When he reached the lakeshore, he started the motor of the motor­boat, and headed back toward his boathouse. He locked up the boat, walked stealthily through the dark­ness to his car, and drove off.
As he came out of the line of trees a mile from his farm, he saw the entire yard was on fire. He heard the thunder of gigantic engines—
His house, his barn, his machine shed—all were burning! In the vivid, fitful light from the flames he saw the huge helicopter lift up from the far side and soar up into the night sky.
So that was where it had gone!
It passed by above him somewhat to his right, a colossal sound, the source of which was now completely invisible in the darkness of an over­cast sky.
Matlin found Cora and the son that was not away at school crouch­ing in the field. She mumbled something about the monster having come over and looked down at them. She said wonderingly, "How did it know this was your farm? That’s what I don’t understand."


The fire was dwindling. People were beginning to drive into the yard. Car doors slammed. In the fading brightness, Matlin in a be­mused state carried his son and walked beside Cora to his station wagon.
He was having a different kind of thought. Why hadn’t the creature killed his wife and child? Cora and the boy had been as completely at its mercy as the farm.
A neighbor named Dan Gray touched his arm and said, "How about you and Cora and the boy staying at my place tonight, Steve?"
By the time they got over on the Gray farm, a man was on TV de­scribing how Steve Matlin had left three men at the mercy of the re­turning alien.
He named Matlin.
Matlin recognized the man who was talking as a member of the monster-hunting expedition.
He glanced around, saw that Gray, Gray’s wife—a tall, thin woman—and Cora were staring at him. Cora said in horror: "Steve, you didn’t!"
Matlin was amazed. "I’m going to sue that fellow for libel!" he yelled.
"Then it isn’t true," Cora wailed. "What an awful thing for them to say such a lie!"
Matlin was outraged at her mis­understanding. "It’s not a lie, just a bunch of baloney. Why should I stay on that island? If they want to be crazy, that’s their business."
He saw from their faces that his perfectly obvious truth was not ob­vious to them. He became grim. "Okay, I can see I’m no longer wel­come. Come along, Cora."
Mrs. Gray said, tightlipped, "Cora and the boy can stay."
Matlin was quite willing, already at peace with their foolishness. "I’ll pick you up in the morning," he said to his wife.
Cora did not reply.
Gray accompanied Matlin to his car. When he came back into the living room, he was shaking his head. He said to Cora, "One thing about that husband of yours. He lets you know where he stands."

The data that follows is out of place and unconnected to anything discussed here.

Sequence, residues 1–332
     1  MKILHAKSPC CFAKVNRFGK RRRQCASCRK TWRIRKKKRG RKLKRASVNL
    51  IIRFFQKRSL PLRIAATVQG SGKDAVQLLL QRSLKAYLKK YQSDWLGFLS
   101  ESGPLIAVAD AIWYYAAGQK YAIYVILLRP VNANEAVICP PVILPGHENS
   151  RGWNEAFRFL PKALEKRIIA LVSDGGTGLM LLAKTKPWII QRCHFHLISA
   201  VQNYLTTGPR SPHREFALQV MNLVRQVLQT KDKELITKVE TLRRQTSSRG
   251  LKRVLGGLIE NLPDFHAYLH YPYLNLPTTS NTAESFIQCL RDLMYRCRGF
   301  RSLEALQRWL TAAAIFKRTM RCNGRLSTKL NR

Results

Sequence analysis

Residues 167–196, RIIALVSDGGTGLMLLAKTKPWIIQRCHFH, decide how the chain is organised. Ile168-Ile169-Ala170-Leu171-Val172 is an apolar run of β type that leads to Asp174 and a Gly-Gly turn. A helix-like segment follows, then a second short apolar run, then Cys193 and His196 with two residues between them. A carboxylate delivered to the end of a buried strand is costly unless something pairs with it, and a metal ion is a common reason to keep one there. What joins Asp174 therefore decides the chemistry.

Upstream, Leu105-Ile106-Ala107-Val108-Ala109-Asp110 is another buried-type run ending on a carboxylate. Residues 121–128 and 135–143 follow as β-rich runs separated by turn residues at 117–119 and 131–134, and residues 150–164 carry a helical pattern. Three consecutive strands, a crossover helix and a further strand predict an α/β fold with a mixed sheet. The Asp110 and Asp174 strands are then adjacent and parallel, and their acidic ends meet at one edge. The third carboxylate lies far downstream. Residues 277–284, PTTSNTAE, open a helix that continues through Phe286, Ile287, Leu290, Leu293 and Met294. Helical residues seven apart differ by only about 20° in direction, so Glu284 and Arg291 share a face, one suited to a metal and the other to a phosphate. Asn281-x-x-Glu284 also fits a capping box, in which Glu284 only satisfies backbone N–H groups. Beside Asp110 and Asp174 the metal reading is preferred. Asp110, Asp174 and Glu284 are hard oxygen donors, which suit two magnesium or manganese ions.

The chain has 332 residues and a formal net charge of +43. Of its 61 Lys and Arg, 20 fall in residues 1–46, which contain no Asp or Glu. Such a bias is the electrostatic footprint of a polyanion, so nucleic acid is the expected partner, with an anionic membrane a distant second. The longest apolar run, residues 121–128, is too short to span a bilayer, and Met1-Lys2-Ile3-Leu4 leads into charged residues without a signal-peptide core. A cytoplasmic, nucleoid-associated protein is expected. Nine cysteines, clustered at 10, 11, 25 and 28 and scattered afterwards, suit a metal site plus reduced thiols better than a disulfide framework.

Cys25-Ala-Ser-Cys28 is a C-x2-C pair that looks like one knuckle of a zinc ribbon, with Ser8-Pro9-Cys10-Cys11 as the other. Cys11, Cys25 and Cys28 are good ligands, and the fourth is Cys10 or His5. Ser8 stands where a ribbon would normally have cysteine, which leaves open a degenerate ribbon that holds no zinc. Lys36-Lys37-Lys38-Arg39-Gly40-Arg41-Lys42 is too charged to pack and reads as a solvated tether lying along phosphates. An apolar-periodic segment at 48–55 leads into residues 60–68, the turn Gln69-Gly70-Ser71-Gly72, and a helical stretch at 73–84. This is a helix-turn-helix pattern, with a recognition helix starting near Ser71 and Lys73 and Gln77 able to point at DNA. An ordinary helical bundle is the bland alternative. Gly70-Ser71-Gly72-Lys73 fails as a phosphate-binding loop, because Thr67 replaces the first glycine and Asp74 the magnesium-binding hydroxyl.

Cora said stiffly, "He’s let me know once too often. Imagine leav­ing those men!" There were tears in her eyes.
"He says they lured him over to the island."
"Nobody lures Steve. His own scheming got him over there."
"He says he suddenly realized the generals had done it again—got a private into the front line. And since this was not his war—"
"If it isn’t his war, whose is it? He fired the first shot."
"Well, anyway, the generals are on the firing line, and no one could care less than Steve. I can tell you that."
"’That’s the astonishing thing," said Cora, wonderingly. "He thinks World War II was a conspiracy to waste his time. He lives entirely in his own private world. Nothing can shake him, as you just saw."

Matlin drove back to his farm and slept there in the back of his car.
When he returned to the Gray farm in the morning, Dan Gray came out to meet him. He was grin­ning. He said, "Well, Steve, it’s finally going to be your war."
Matlin stared at the knowing smile on the somewhat heavy face of his neighbor, but the words seemed meaningless. So he made no reply but simply got out of his car and walked into the house.
The two women were watching the TV. Matlin did not even glance at the picture.
"Ready, Cora?" he said.
Both women turned and looked at him strangely. Finally, Mrs. Gray said breathlessly, "You’re taking it very calmly."
"Taking what calmly?"
Mrs. Gray looked helplessly at Cora. "I can’t tell him," she almost whispered.
Matlin glanced questioningly at his wife. She said, "You might as well hear it. The creature came back and found Mr. Graham and his two companions on the island. And it talked to them through some kind of mechanical translation device. It said it was going to leave earth but that first it was going to accomplish one thing. It said—it said—"
Matlin said impatiently, "For Pete’s sake, Cora, let’s go. You can tell me on the way."
Cora said, "It said—it was going to kill you first."
For once Matlin was speechless.
At last he stammered: "Me!" Af­ter a moment, he added, incredulous, "That’s ridiculous. I haven’t anything to do with this business."
"It says you’re the only one on earth who made it your business."

The shock was growing on Matlin. He could not speak, could not deny the charge in words. Inside his head, he protested silently. "But that first beast was coming toward me. How was I supposed to know?"
Cora was continuing in a grief-filled voice: "It says that on all the planets it’s visited, no one has ever before killed without warning, with­out asking any questions."
Matlin stared at her with hope­less eyes. He felt battered, defeated, ultimately threatened. For a moment, again, he could scarcely believe. He thought: "I only want to be left alone!"
The thought stopped. Because he knew suddenly that all these years he had been maintaining an un­truth: that what went on elsewhere was none of his affair.
He had pretended so hard, gone into such instant rages, that other people simply glanced at each other significantly and fell silent, and thereafter never brought up the sub­ject again. He had always thought with satisfaction, "By damn, they’d better not say anything but—" con­temptuously— "let them think what they want."